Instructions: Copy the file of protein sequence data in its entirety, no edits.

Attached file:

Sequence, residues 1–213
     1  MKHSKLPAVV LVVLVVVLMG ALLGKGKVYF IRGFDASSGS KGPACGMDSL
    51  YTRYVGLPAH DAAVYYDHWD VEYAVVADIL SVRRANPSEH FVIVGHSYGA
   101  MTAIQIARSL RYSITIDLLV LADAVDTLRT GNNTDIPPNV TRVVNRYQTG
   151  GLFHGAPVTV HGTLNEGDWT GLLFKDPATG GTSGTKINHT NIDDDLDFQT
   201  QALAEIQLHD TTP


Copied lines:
Sequence, residues 1–213
     1  MKHSKLPAVV LVVLVVVLMG ALLGKGKVYF IRGFDASSGS KGPACGMDSL
    51  YTRYVGLPAH DAAVYYDHWD VEYAVVADIL SVRRANPSEH FVIVGHSYGA
   101  MTAIQIARSL RYSITIDLLV LADAVDTLRT GNNTDIPPNV TRVVNRYQTG
   151  GLFHGAPVTV HGTLNEGDWT GLLFKDPATG GTSGTKINHT NIDDDLDFQT
   201  QALAEIQLHD TTP